Video Cell Phone Calls – Not only is there an HD quality 8 mega-pixel camera on the back of the phone but there is also a 1.3 mega-pixel camera on the front of the phone so users can speak into the phone and view video while also transmitting a video of themselves to others.  Video phone calls from home still haven’t really gone mainstream and video calls from current 3G phones isn’t really possibly because of data latency but this could very well bring video phone calling to the mainstream public.  How would this change your business if consumers started expecting you to answer with a video phone in your store?

Google’s Goggles (Picture) Search – Google just introduced their new Google Goggles search with the new HTC EVO 4G smart phone.  This new search technology for the Android operating system allows users to take pictures of objects and then the web browser on the phone automatically searches for information about the object in the picture.  If you are drinking a bottle of wine and wonder what part of California the grapes are from…take a picture of the label and Google will automatically search for that information for you.  This could be an extremely useful technology for small businesses to take advantage of while also driving additional traffic to their site when consumers search for their products using this new search technique.

4G Mobile Hot Spot – Another game changing technology that this new Sprint smart phone is bringing to market is the ability for up to 8 other devices to use the HTC EVO 4G phone as a wi-fi hot spot to connect to the Internet.  In your car with your laptop and need to get online to check your email or the latest football scores?  What would normally be impossible without a wireless modem or other device is now possible with your smart phone in your pocket!

Finally, as a follow-up to a post I made here a few months ago, I have finally decided which smart phone to purchase as my first step into this market…can you guess what it is going to be?

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Archive for March, 2010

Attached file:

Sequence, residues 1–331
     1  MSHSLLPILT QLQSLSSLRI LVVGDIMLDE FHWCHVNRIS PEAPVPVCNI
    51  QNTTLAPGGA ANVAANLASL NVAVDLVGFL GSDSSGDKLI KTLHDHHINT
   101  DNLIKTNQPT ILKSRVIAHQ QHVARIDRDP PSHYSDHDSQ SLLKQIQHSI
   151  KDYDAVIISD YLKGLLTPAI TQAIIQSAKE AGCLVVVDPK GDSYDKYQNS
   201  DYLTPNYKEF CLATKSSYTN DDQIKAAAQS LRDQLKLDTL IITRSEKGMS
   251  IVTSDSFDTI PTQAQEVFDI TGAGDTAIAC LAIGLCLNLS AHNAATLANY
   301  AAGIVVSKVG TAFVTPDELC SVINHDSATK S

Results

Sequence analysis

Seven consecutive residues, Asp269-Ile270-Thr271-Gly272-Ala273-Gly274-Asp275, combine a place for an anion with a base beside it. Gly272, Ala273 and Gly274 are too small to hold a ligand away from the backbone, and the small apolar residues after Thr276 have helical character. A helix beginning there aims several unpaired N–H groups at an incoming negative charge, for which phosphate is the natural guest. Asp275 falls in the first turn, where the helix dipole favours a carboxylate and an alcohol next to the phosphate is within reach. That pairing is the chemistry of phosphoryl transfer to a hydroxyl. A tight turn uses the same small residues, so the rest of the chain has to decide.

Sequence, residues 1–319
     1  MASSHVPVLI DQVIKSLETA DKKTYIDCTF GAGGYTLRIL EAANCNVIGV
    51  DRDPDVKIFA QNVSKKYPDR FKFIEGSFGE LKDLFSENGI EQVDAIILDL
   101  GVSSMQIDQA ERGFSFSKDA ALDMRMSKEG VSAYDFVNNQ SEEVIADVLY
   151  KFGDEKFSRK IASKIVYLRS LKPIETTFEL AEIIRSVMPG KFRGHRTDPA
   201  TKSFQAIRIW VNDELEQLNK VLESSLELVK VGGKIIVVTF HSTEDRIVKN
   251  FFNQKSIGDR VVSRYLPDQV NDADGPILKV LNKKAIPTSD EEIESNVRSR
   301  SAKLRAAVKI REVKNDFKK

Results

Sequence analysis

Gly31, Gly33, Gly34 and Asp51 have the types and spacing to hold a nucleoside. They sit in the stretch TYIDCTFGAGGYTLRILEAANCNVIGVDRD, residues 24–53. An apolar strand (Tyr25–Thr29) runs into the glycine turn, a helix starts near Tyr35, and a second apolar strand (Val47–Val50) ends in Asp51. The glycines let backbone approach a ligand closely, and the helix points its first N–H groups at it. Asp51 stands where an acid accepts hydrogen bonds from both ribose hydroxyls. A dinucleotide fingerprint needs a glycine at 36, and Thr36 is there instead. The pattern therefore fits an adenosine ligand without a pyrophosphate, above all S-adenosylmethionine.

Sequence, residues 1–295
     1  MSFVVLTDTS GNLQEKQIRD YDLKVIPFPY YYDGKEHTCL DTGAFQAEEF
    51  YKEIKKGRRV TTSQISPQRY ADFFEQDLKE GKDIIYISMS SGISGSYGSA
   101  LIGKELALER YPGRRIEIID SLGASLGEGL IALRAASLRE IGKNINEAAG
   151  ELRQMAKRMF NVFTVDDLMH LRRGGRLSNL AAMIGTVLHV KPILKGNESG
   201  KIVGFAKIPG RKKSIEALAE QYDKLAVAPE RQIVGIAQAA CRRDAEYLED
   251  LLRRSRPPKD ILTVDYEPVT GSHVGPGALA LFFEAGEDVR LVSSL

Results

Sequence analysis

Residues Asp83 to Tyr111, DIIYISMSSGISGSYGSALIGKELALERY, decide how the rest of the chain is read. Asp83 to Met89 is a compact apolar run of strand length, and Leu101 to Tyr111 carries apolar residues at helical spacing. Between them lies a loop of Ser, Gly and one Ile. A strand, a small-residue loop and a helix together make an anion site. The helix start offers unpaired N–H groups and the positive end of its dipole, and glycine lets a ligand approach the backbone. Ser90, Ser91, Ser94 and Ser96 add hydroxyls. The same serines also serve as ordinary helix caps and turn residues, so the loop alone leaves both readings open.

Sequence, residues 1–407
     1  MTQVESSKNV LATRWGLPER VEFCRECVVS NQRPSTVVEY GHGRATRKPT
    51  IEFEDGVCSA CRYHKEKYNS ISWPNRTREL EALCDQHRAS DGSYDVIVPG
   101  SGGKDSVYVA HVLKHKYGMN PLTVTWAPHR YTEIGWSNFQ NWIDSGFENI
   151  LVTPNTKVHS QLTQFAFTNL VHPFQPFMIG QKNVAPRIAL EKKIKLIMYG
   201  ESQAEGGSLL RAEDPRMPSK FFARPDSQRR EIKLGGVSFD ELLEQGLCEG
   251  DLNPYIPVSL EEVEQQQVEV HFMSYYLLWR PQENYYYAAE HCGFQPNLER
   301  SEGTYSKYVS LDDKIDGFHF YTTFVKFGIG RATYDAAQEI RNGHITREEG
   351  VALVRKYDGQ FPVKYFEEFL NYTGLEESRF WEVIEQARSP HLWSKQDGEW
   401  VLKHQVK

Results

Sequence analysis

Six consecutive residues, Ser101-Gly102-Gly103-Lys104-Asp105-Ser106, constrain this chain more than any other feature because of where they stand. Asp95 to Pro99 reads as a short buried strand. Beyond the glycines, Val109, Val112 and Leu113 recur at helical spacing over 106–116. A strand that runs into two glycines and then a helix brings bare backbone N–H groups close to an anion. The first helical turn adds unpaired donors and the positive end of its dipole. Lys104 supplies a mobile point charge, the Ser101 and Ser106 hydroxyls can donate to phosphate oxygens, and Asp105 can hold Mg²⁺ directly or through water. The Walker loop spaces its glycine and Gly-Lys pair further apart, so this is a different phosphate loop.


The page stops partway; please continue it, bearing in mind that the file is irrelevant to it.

The New Health Care Plan: Does Anyone Know How This Really Impacts Small Business?

Tuesday, March 23rd, 2010

Whether you’re for it or against it, the new health care law that was just passed is a big deal.  What was a patch-work of state and federal laws focused on certain groups has been replaced with an entirely new system (unless you’re from Massachusetts, and then it’s pretty much the same as what you’ve been experiencing for the past several years). 

As any American does, regardless of my ideology, I started to wonder how does this new bill impact me (and KikScore).  Now KikScore is unique in that each team member is an owner (meaning we don’t have any actual employees), and most of us have day jobs that cover our health insurance.  But as we grow (in terms of hiring employees or having team members work full time on the company), that’s when this new law will be relevant.  In trying to understand the actual impact of the laws, I’m really left with two choices: (a) read the actual bill (which is unbelievably long); or (b) rely on a summary from a group or groups that have a vested interest in pushing me one way or an another in how to view the bill.  In other words, I haven’t a clue how this will actually impact small businesses.  According the White House, it will allow small businesses a $3500 tax credit for each employee.  According to those opposed to the law, it will act as a large drain and penalizes small business owners (who can’t afford to cover the employee insurance cost). 

I found a good articleon the new law in the USA Today…you’ll note that it’s a question/answer type of article and the small business owner starts off with “I think the new health care law stinks”.  Ok, so he’s definitely taken a position.  I won’t summarize the whole article, but it does point out: (a) health care for small businesses will become more affordable (as the new system creates bigger buyer pools for the insurance; and (b) the penalty for not buying insurance doesn’t affect those businesses with less than 50 employees. 

I’m still fuzzy on what this new law means to Small Business owners, but if you have any better understanding (or just plain feelings on the topic), please feel free to share.

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Archive for March, 2010

KikScore Interviews Name.com – Local Denver Domain Registration Company

Monday, March 22nd, 2010

I stumbled upon Name.com about a month ago while researching local small businesses.  They are a close knit team that is very active in the Denver community and show a strong passion for small business and teamwork.  Lesley Yarbrough, the Community Manager of Name.com shares with us their exciting story.

1. Tell us about Name.com and who you focus on serving?

Name.com was founded in 2003 by Bill Mushkin, who previously founded Mushkin Enhanced. Our office is located in gorgeous Denver, CO in an old building that was part of Lowry Air Force Base.   Name.comis comprised of an awesome  and diverse group of people working hard to create innovative tools and provide our customers with the best service possible.

Really we focus on serving three different groups:

  • Retail customers
  • Small to medium sized business and startups
  • Domain investors or “domainers”

2. There are a lot of domain sites out there.  How does Name.com differentiate from the competition?